I have Windows Home Server 2011 SP1 64bit. It's running IIS 7.5 and has a classic asp app on it. I'm getting per-client slowdowns every now and then. By this I mean that one specific browser will behave as if the server is not found. Other browsers on the same machine are fine, and other machines on the network are also fine.

I installed IIS7.5, then added my classic asp app. I configured the app pool to allow 32-bit access for my com, and I configured IIS to send me the actual errors. I've set common http headers - "http keep alive" and "expire web content immediately", to see if they help (no). This is about all I've changed.

The app doesn't have a database. It doesn't use integrated authentication. It doesn't interop with dotnet. It's not doing anything clever or complicated. If I reduce the problem to a page that sets a cookie and nothing else, the problem still comes up after a while.

Upon inspection of the browser when this happens, there are always multiple ASPSESSIONID cookies (e.g. more than 30). They look like this:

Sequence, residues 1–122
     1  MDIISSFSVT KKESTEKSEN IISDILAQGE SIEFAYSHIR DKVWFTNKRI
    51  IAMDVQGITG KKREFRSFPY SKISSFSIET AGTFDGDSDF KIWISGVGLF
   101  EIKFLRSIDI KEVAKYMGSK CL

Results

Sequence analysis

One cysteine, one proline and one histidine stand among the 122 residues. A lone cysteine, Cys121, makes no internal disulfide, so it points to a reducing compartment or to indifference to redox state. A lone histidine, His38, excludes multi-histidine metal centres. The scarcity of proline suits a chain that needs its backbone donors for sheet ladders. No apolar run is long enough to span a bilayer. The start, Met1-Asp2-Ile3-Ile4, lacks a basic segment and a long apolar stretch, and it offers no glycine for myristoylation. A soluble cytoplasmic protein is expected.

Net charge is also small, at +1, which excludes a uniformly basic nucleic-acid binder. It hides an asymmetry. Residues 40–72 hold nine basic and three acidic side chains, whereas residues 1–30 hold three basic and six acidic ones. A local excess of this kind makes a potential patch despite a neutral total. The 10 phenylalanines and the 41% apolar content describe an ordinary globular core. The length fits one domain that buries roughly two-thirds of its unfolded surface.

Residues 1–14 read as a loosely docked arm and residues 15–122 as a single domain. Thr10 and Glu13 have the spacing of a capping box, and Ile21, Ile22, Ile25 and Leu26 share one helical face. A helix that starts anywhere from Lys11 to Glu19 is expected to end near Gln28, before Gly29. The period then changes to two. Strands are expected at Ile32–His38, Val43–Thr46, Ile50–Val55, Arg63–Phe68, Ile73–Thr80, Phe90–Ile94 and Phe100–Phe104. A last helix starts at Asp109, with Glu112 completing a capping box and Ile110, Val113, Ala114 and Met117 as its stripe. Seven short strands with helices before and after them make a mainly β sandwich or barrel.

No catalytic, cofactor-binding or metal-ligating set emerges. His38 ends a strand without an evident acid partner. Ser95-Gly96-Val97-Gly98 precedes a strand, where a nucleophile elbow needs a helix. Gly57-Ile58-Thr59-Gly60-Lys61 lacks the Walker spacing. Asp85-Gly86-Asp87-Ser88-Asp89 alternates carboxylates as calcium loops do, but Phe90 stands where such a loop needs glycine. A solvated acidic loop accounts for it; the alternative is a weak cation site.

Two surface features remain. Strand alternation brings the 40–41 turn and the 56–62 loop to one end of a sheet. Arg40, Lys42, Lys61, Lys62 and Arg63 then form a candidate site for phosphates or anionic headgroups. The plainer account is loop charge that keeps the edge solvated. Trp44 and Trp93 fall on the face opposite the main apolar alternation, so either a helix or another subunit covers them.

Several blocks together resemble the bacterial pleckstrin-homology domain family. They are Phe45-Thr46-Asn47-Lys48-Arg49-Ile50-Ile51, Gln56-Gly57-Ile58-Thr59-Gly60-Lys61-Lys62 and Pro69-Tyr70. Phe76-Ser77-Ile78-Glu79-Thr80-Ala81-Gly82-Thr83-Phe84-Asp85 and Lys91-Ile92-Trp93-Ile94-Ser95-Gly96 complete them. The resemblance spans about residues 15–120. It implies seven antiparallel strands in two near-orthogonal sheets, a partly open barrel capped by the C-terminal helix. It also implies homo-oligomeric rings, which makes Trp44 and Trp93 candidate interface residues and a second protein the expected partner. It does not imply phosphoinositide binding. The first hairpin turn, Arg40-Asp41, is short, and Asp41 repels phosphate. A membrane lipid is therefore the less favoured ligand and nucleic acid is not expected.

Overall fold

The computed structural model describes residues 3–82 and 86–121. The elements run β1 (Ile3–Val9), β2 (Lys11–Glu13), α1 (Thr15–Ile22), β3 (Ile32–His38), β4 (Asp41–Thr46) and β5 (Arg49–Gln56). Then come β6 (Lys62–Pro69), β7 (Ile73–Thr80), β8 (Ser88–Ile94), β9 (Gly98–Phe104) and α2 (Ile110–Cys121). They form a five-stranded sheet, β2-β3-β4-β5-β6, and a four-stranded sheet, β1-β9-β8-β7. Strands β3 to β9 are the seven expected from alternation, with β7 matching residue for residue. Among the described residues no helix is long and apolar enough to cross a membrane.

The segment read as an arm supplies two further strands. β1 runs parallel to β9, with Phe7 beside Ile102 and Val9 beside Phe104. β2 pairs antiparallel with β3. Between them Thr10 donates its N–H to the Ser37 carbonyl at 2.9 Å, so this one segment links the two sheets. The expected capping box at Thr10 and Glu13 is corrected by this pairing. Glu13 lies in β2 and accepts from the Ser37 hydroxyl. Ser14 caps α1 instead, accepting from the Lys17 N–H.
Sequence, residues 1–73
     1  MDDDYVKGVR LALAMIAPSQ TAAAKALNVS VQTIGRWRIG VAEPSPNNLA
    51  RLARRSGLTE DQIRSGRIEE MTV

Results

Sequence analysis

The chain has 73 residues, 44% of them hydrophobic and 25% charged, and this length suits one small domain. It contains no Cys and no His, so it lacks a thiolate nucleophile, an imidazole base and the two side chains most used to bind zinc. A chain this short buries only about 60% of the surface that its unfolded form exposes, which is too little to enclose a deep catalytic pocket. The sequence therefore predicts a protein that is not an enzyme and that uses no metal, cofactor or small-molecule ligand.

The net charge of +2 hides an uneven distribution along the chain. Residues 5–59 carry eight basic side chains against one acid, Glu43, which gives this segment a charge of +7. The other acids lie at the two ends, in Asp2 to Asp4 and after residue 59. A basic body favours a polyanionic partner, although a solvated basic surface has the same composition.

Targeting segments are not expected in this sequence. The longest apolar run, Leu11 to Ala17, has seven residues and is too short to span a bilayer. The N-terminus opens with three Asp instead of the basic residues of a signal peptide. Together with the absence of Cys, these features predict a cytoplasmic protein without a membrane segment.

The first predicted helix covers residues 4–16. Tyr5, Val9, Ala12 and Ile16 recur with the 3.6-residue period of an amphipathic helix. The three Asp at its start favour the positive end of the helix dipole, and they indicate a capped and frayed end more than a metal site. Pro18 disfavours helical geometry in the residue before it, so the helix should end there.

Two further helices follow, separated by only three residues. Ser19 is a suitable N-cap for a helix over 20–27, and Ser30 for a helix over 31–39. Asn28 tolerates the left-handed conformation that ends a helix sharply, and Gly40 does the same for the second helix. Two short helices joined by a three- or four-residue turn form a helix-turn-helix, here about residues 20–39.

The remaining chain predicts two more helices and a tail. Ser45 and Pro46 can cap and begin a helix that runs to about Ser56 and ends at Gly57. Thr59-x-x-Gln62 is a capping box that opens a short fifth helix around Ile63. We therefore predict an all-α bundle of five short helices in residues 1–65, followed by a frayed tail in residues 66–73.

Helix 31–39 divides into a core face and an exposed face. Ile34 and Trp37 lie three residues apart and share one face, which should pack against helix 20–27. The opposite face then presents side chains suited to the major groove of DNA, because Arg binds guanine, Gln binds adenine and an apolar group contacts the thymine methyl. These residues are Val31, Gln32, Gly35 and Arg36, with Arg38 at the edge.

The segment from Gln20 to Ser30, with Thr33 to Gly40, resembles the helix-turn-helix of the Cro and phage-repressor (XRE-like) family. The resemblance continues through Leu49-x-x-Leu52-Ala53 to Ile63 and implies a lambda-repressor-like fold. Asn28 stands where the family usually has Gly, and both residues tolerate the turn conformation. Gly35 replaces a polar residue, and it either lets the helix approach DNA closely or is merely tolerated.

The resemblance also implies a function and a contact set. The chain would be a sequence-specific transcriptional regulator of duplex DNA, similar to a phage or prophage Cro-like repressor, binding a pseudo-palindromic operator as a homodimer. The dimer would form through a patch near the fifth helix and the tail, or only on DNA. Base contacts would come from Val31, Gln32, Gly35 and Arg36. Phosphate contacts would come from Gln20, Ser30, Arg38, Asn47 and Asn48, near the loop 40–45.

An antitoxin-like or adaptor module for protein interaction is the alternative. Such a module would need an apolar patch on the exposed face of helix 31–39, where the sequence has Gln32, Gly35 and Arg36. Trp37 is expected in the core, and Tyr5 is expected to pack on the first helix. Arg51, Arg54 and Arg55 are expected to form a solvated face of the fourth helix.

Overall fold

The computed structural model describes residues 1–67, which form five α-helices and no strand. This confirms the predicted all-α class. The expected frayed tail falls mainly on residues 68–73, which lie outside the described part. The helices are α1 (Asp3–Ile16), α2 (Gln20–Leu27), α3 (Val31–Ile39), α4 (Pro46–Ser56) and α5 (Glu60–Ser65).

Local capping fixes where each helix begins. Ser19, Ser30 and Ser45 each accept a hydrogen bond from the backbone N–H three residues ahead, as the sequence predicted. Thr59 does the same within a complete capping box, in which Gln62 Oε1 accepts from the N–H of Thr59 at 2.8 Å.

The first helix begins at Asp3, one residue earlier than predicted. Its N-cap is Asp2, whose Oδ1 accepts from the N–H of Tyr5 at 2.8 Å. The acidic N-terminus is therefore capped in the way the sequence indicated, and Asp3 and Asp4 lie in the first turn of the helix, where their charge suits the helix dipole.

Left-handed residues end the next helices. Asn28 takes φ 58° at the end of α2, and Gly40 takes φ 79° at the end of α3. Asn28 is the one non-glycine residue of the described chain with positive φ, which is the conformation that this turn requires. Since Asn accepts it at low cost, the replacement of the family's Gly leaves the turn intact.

etc ..

This horror is eventually followed by the couple of actual cookies I've set. I don't USE this ASPSESSIONID- what is it for, can I get rid of it? Is it likely to be a cause of my slowdown?


It is very unlikely that the ASPSession cookie(s) have anything to do with your problem.

If you don't use session state within your ASP site, you can turn if off in IIS.

In IIS manager, select your site and click the ASP icon, at the bottom expand Session Properties and set Enable Session State to False, you will no longer have that cookie.

Why are there two? The classic ASP engine sets a cookie when it creates a session for a user, if for any reason, it looses that session (like the AppPool is recycled) it sets a new cookie for a new session. The browser keeps the old one, because it doesn't know that it is no longer valid the server.

  • yes, I'd tried that. But I am using session state quite a bit. I'm not just getting two, I'm getting thirty, fifty, ninety. It sounds like it is a recycle problem then. I'll play with that instead. – frumbert Feb 10 '14 at 22:42
  • I did some auditing at the traffic at out site and found some requests with HUNDREDS of ASPSESSIONID's. There's as much cookie bandwidth as there is regular bandwidth! – Brain2000 Jul 21 '16 at 14:47

I had this problem too. I think the maximum size for a domain cookie is 4k, so some weird behaviour I experienced was actually due to the 4k of space being filled with bogus ASPSESSIONID cookie data.

Anton's javascript solution here solved the problem for me: https://stackoverflow.com/questions/12783878/classic-asp-multiple-aspsessionid-in-cookies

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